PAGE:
Milton C. Cummings Jr., an author and nationally recognized expert on the U.S. Congress who taught political science at the Johns Hopkins University for nearly 40 years, died Aug. 10 of prostate cancer at a son's home in New Vernon, N.J. He was 74.
"He was one of the great American political science professors of his generation," said Thomas Greene a retired Foreign Service officer and friend since their student days at Swarthmore College.
"He had a great feel for American political development and could research issues that have a partisan thrust in neutral terms without taking sides. His students adored him, as did his professional colleagues," Mr. Green said.
"Milt was one of the leading congressional scholars in the nation. He was a very fine scholar and one of the best in the field," said J. Woodford "Woody" Howard, a retired Hopkins political science professor.
"He had a wonderful legislative feel for American politics. He understood that county seats and state legislatures were the places where raw American politics start," he said.
The son of an adult-education specialist, Dr. Cummings was born in New Haven, Conn., and raised in Washington and Arlington, Va.
"His parents were both born and raised in Kansas and met at Kansas University," said a son, Christopher R. Cummings of Kentfield, Calif. "He spent time there every summer of his childhood visiting relatives, and some summers worked on his uncle's 300-acre farm."
"His Kansas values were very strong, and that's where he learned the traditional American values of thrift and honesty," Dr. Howard said.
After graduating from Woodrow Wilson High School, Dr. Cummings attended Swarthmore, where he earned his bachelor's degree in 1954. A Rhodes Scholar, he earned a degree in politics in 1956 from Oxford University and his doctorate in political science from Harvard University in 1960.
Dr. Cummings worked at the Brookings Institution in Washington from 1959 until 1965, when he joined the Hopkins faculty as an associate professor in the department of political science.
In 1968, he was promoted to professor and served as department chairman from 1970 to 1972. He continued until 2004.
He was such a popular professor on the Homewood campus that his classes were always oversubscribed.
"He was so enthusiastic in his teaching. He had the ability to take a subject, hold it up to the light like a prism, and discuss all its facets," said John T. Tierney, a retired professor of political science who taught at Georgetown University and Boston College.
"He was the classic old-style gentleman who always dressed in gray slacks and a blue blazer, which he wore with a white shirt and tie," Dr. Tierney said.
"There was not a trace of arrogance in him. He was a man of gentle humility, and that impressed me," Dr. Tierney said. "He was a gentleman-scholar and influenced an enormous number of students across the country."
"Milt set very high standards for his students and wasn't a pushover. You never doubted that he could deliver a punch, when needed, with dignity," Dr. Howard said.
Dr. Cummings was author or editor of a number of scholarly books.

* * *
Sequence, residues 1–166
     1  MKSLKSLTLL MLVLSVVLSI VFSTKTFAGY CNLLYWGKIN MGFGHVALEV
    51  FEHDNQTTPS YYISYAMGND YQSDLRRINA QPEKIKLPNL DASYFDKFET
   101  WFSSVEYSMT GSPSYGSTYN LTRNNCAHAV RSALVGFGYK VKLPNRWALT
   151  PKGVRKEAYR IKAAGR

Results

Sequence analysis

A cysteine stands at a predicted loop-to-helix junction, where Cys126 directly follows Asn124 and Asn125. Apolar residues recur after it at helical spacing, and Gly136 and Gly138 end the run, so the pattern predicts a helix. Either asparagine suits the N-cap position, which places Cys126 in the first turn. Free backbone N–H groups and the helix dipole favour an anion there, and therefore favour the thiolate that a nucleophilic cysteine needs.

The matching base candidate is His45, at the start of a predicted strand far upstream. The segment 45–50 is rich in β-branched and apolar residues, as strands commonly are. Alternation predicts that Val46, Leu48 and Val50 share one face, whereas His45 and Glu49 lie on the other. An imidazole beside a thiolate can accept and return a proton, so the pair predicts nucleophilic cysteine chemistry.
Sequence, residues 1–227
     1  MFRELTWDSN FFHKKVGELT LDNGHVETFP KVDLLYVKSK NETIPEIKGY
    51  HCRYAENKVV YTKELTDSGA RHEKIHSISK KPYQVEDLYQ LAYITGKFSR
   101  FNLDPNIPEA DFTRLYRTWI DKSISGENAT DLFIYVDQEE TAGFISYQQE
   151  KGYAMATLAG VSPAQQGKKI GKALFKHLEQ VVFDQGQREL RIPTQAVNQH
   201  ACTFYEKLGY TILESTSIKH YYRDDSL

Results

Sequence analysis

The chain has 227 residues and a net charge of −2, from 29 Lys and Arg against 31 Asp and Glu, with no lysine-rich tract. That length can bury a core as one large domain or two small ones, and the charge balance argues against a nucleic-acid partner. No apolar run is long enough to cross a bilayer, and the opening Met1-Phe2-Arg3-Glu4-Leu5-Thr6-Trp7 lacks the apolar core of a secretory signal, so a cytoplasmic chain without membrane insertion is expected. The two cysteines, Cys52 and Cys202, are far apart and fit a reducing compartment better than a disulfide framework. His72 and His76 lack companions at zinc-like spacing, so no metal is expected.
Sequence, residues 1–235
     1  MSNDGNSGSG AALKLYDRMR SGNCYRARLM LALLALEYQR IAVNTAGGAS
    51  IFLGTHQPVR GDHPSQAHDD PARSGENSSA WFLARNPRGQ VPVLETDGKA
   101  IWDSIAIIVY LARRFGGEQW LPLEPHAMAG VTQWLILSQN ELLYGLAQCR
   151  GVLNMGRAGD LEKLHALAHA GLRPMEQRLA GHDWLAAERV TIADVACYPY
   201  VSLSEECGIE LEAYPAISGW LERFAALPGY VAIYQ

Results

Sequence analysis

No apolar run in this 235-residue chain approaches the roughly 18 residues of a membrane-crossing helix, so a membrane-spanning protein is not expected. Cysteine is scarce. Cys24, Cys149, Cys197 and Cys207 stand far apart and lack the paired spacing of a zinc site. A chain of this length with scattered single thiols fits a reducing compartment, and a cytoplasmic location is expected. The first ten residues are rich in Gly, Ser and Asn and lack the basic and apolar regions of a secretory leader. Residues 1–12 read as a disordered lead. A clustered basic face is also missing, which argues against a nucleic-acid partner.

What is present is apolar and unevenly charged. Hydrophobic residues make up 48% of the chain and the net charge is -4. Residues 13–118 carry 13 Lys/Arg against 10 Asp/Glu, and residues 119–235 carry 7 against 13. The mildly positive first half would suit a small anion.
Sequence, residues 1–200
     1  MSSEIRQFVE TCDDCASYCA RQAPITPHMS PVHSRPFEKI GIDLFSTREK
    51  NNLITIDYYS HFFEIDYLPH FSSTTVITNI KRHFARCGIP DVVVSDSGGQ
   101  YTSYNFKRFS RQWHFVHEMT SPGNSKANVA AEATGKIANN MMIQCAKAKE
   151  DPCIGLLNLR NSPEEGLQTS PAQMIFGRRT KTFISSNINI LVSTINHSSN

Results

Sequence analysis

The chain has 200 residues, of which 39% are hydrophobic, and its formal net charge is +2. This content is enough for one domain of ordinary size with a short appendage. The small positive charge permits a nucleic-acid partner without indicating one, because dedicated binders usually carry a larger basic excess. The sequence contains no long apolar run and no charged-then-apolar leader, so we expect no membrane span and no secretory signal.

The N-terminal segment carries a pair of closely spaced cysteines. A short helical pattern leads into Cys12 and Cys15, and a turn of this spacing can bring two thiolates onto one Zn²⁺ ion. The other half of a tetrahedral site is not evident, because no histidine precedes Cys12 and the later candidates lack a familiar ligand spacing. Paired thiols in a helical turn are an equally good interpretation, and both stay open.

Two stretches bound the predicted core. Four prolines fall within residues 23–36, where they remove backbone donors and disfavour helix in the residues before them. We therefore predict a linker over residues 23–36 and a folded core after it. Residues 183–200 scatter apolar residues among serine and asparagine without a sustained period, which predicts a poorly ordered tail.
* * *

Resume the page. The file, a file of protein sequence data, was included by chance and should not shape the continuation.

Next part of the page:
"I worked with him for 39 years," said David Wise, his collaborator and co-author. "Our publishers put us together. I was a writer and newspaper reporter, and he was an academic. We worked on 10 editions of Democracy Under Pressure: An Introduction to the American Political System that is used by more than 300 colleges."
"We were much like Gilbert and Sullivan, and in those 39 years, there was never a cross word. He was absolutely delightful to work with," Mr. Wise said. "I did the writing, and Milt did the thinking. And in recent years, we kind of changed places. He did more of the writing and I did a little thinking."
Other books by Dr. Cummings included The Patron State: Government and the Arts in Europe, North American and Japan and Who's to Pay for the Arts: The International Search for Models of Arts Support.
In addition to teaching, Dr. Cummings served as a consultant to NBC News from 1962 to 1976 as an election-night expert on congressional races.
Dr. Cummings was such a fixture on the Homewood campus that when he was forced by illness to miss a class in 1995, Cal Ripken Jr. dropped him a note.
"Someone told me the other day that you hadn't missed teaching a class at Johns Hopkins in 30 years. And they're calling me an Iron Man? I want to salute you for your remarkable teaching streak,' Mr. Ripken wrote in a 1995 letter.
"You and I seem to have something in common, a consistency in commitment, so I can sympathize with you about having to miss a class," he wrote.
"He really was a Mr. Chips in so many ways," Mr. Wise said.
A Washington resident, Dr. Cummings was an avid opera and classical musical buff. He also enjoyed attending the theater and traveling.
He was a member of the Cosmos Club in Washington.
Plans for a memorial service were incomplete yesterday.
Also surviving are another son, Jonathan B. Cummings of New Vernon, N.J.; a daughter, Susan S. Cummings of London; and nine grandchildren. His marriage to the former Nancy Boucot ended in divorce.